Although the public sector has been accustomed to peddling the richness of its benefits as a factor that offsets the weakness of salaries, the interrelationship between those factors often gets short shrift, as we point out in our current Smart Management column. Most obviously, the amount of salary received determines the amount of future pension benefits. One of the big challenges for the public sector is that in many cities, states and counties, responsibility for health benefits, salary, vacation, sick leave and pensions might be delivered by a number of separate entities that all present information to the legislature, city council or county commission separately.
A broader discussion is particularly tricky because while salary has a known value, benefits have a perceived value, which may differ depending on someone’s needs. It won’t make an impression on a 25-year-old to double their life insurance, but that might have significance to a 55-year-old.
“Everyone can tell you what their salary is,” says Neville Kenning, president of Kenning Consulting. “But people can’t tell you what the value of their benefits are and decision-makers don’t know what the value of benefits are either.”
A new performance audit in Washington state about its developmental disabilities program has both good and bad news.
The good news: Based on interviews with clients, families and other stakeholders, most of the 20,500 people who receive services are “pleased with the results.”
The not so good news: “We found that the state has no method in place to prioritize those on the waitlist by their level of need.” This is a significant issue, as there are 15,000 people on waiting lists, and we can’t help but believe that this problem exists in a number of other states.
What’s more, according to the audit, “within the system we found that people with the same level of need receive care in many different settings at dramatically different costs.”
B&G readers who responded to our question about the value of pension plans to young employees were pretty much uniform in agreeing with our thesis that pension plans aren’t significant in hiring for entry-level jobs but they’re very helpful for retaining employees once they’re vested.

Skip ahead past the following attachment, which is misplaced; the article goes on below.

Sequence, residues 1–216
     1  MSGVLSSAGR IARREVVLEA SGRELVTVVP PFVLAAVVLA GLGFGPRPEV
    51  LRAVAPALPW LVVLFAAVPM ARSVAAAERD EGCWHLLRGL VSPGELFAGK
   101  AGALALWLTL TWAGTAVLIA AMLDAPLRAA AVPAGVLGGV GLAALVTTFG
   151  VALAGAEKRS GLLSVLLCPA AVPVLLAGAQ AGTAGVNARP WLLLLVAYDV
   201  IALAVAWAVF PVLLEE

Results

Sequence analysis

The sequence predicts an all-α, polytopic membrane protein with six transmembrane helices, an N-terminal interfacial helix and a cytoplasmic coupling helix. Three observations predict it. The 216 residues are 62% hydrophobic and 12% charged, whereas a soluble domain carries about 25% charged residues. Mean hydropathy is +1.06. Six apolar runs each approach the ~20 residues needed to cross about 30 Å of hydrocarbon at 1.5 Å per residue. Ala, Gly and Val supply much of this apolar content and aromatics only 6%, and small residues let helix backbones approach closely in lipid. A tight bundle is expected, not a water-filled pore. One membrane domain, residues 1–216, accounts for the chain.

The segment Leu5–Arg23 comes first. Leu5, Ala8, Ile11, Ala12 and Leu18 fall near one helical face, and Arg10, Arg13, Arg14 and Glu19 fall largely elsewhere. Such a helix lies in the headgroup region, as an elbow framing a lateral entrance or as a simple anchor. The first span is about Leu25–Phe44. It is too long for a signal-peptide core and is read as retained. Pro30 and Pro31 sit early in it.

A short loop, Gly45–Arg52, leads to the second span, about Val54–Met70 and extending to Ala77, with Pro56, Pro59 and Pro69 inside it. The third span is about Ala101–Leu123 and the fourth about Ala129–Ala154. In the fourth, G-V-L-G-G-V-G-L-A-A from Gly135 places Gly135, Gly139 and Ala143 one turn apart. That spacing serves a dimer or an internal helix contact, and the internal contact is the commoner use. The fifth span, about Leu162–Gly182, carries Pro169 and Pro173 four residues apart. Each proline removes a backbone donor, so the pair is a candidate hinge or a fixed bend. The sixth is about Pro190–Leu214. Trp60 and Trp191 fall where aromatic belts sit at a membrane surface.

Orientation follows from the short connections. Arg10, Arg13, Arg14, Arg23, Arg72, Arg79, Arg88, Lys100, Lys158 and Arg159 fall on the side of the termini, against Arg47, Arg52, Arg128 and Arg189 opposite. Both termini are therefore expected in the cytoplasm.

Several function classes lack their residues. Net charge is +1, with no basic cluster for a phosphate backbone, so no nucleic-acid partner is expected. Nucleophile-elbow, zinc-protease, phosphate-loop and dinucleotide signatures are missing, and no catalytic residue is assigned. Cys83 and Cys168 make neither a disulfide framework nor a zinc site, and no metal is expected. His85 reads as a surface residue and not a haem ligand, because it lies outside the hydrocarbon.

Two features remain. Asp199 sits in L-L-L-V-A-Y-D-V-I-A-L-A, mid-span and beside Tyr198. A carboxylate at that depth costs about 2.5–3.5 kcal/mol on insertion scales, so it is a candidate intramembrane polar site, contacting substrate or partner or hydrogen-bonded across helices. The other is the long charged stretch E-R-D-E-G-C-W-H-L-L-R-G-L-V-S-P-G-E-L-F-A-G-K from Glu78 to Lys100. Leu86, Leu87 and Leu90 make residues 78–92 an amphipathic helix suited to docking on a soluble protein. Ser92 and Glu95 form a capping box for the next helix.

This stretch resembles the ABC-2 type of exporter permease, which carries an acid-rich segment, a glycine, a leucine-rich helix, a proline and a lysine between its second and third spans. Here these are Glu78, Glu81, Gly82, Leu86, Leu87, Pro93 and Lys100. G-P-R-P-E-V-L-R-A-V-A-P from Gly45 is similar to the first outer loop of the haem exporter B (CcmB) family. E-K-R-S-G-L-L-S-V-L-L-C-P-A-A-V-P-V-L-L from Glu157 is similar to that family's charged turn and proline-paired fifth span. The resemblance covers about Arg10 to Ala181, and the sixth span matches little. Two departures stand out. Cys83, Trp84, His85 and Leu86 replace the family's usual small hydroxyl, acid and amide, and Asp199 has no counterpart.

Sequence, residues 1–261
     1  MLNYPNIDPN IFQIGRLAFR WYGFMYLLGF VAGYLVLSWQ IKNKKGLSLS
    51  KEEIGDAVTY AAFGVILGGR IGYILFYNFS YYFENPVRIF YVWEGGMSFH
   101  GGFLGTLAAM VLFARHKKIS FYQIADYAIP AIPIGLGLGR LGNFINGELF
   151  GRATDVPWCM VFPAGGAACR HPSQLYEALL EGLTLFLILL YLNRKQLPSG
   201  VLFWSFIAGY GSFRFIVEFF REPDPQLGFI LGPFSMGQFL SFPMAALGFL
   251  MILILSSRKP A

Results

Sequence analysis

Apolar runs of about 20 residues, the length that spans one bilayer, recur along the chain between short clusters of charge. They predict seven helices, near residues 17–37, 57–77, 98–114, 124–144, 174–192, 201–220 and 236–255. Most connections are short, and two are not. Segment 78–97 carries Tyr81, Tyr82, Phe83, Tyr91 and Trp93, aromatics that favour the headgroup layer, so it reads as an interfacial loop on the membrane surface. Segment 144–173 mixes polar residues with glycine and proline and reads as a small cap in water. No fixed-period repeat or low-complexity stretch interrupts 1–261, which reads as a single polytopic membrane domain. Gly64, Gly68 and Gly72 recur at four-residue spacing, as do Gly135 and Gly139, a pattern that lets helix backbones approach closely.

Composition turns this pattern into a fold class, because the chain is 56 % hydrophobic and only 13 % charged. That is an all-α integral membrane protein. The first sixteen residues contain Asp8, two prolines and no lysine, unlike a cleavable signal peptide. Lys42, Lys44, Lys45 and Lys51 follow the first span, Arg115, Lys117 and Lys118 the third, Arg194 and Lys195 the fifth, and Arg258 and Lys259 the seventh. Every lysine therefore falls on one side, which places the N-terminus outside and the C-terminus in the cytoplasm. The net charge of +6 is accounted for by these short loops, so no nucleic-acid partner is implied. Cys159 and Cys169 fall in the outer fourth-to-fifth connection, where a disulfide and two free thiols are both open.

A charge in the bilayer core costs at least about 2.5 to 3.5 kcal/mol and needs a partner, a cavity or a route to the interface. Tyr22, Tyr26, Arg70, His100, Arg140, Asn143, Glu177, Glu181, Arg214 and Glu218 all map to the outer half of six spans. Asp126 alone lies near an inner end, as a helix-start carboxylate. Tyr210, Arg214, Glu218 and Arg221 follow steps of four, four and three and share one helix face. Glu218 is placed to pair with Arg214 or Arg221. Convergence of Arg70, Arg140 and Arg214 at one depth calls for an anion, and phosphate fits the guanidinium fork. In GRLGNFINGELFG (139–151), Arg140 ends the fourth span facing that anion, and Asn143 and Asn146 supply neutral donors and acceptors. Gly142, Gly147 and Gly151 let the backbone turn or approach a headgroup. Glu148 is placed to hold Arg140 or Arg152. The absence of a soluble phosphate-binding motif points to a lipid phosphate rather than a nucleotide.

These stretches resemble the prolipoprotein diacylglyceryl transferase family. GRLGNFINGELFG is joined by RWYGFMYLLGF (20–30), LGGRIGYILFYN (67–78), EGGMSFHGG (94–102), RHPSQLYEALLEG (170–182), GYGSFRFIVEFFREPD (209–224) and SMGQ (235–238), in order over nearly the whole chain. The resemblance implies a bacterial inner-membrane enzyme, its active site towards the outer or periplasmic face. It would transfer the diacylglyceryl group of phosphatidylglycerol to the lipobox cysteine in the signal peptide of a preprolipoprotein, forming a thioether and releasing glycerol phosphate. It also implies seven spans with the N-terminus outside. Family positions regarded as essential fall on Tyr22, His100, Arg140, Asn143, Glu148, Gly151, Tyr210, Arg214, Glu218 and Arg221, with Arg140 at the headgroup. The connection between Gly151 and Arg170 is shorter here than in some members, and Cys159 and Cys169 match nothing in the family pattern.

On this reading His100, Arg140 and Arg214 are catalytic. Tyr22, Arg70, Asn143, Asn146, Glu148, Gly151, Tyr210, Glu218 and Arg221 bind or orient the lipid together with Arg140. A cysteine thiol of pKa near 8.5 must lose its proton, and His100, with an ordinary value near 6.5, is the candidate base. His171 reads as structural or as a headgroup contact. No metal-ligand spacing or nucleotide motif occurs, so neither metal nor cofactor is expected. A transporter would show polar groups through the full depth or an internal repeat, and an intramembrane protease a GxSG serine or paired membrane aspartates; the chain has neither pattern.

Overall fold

One of the notes we found particularly instructive was from Jeff Clarke, the general manager of the Alderwood Water and Wastewater District in Washington state. Here are some of his most notable excerpts:
“I scarcely noticed the program when I was hired. Of course it was 1979, the hiring environment for those of us with planning degrees was poor, and I was happy just to land a job. I suspect that similar thoughts go through the minds of many entry-level hires.”
“But through the 1980’s, as I began to climb in the organization, I was very aware that people were rolling the dice and taking jobs with tech companies, with possibly large payoffs. But by then I was aware that the state pension plan was a pretty safe (if dull) feature of my employment.”
“Going into my fifties, I began to play with spreadsheets to project retirement benefits. A couple of things pop up quickly. One is that the benefit is based on your final five years salary. A person could leave at 55 with 30 years credit, but if s/he goes to work outside the system at that point and delays drawing their pension until they are 65, in effect their pension will erode by ten years of missed wage inflation. That is a huge consideration -- will your new job make up the difference? It plays a big role in keeping senior managers in government service.”
“Then as we hit our sixties, go back to the spreadsheet and see that every additional year of service can mean a nice little bump in eventual pension (for systems that do not have a maximum number of credit years). That can keep some of us from retiring as quickly as we would like -- how much is enough? This, of course, keeps some talent at their desk but also blocks some younger talent from advancing."